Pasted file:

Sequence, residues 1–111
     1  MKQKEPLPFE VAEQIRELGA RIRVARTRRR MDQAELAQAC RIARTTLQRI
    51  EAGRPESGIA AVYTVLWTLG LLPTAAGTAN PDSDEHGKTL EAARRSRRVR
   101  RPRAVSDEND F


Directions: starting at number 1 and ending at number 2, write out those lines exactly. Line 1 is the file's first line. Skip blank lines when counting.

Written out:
Sequence, residues 1–111
     1  MKQKEPLPFE VAEQIRELGA RIRVARTRRR MDQAELAQAC RIARTTLQRI